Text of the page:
A cache of new material reveals political subversion
Dr Stanley Bill is a University Senior Lecturer in Polish Studies in the Faculty of Modern and Medieval Languages and a Fellow of Sidney Sussex College.
The end of the academic year always carries a special atmosphere of tension and expectation. As the exam season approaches, the Colleges regain some of their former monastic solemnity, closing their gates to outsiders. Students spend long hours in libraries and study rooms, poring over readings, notes and essays from throughout the year. Lecturers and supervisors focus on channelling anxieties into constructive revision work. My aim is to ensure that all my students have the opportunity to show their full potential in the exam room. Yet the final reckoning is always between the individual student and an empty answer booklet.
While teaching is the main priority during term time, research and writing are always on the agenda. I spent much of Easter Term putting the finishing touches to a new paper about Bruno Schulz, a Polish-Jewish artist and writer who is widely regarded as one of the most important and influential figures of 20th-century Polish culture. Schulz would be awarded the Polish Academy’s Golden Laurel in 1938; four years later, in 1942, he was shot dead on the street by a German SS officer.
During the second world war, Schulz’s hometown of Drohobycz – then in eastern Poland – was first occupied by the Red Army. In conditions of terror and deprivation, in 1940 and 1941, Schulz worked as an illustrator for a local propaganda newspaper entitled Bolshevik Truth. In 2016, the illustrations – many of them glorifying Stalin, Lenin and Soviet military power – finally emerged from archives in Ukraine.
The materials are fascinating. Far from being a communist, my research shows that his propaganda work formed part of a survival strategy of artistic and ideological mimicry. I have even found evidence to suggest that Schulz cleverly concealed politically subversive material in his illustrations, revealing his authentic views on Soviet ideology and the occupation of eastern Poland. His work – which might be described as a form of forced labour – exemplifies the dramatic choices faced by individuals under the Soviet occupation.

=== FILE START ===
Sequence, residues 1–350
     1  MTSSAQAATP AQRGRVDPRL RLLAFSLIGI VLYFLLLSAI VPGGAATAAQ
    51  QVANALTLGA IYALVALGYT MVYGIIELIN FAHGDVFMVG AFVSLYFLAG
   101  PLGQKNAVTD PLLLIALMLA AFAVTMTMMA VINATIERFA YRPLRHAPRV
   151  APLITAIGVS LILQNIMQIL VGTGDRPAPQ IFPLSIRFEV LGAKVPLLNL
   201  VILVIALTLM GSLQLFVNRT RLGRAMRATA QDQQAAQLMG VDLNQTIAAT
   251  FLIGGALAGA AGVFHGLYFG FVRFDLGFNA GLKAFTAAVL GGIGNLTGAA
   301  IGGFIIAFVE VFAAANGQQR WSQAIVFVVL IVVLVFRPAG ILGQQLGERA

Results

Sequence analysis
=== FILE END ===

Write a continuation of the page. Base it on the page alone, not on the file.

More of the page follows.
Scholarly research is an empty pursuit without the possibility of sharing and discussing it with other experts and a broader public. While I was getting my paper ready for publication, I had the pleasure of presenting some of it at the biannual International Festival of Bruno Schulz in Drohobycz, now in western Ukraine. The festival hosts scholars, writers, artists and often eccentric Schulz fanatics from around the world. As part of the programme, it was a privilege to participate in a public discussion in the town’s newly restored synagogue, an imposing building that had lain in ruins for more than half a century after the war.
Back in Cambridge, my research work informs the new programme in Polish Studies that I direct in the Faculty of Modern and Medieval Languages. My course offers an introduction to the diverse history of Polish culture, from its symbolic beginnings more than a thousand years ago through to the traumatic period of Schulz’s life and death in the 20th century and beyond. The course gives students a deeper understanding of the largest country in the eastern part of the European Union, along with the opportunity to learn a language that is now the second most widely spoken in Britain.
Apart from the historical dimension, I place a particular emphasis on contemporary Poland and on cultural exchange. A special partnership with the University of Warsaw allows us to award full scholarships to Cambridge students to attend summer school courses in Polish language and culture in the country’s vibrant capital.
Which means that, after exams, our students get to spread their wings and get a first-hand look at a culture that is now also part of the tapestry of British life. With Brexit approaching and around a million Poles currently living in the United Kingdom, intercultural contact and understanding have rarely seemed more important.